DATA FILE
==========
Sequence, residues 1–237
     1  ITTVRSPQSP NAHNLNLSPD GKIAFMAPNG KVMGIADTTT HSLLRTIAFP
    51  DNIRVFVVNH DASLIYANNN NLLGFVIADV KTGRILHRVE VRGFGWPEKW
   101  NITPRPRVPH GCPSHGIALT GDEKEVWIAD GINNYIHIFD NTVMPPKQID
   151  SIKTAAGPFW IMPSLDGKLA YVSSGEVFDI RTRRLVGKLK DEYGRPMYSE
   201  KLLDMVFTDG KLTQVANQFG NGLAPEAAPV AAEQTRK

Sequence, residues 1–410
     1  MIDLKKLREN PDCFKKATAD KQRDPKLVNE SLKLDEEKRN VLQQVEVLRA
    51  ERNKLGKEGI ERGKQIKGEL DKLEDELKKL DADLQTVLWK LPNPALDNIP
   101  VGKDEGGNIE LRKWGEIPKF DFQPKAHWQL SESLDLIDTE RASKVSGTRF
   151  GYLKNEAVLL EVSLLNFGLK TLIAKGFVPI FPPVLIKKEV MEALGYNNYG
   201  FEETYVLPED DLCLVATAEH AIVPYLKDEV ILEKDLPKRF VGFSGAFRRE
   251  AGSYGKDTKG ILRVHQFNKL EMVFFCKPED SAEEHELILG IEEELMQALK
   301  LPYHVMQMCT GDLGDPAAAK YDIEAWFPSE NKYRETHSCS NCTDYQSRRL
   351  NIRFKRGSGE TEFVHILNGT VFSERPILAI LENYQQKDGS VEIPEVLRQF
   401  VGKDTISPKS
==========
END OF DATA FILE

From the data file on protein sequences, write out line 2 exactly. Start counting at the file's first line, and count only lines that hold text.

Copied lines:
     1  ITTVRSPQSP NAHNLNLSPD GKIAFMAPNG KVMGIADTTT HSLLRTIAFP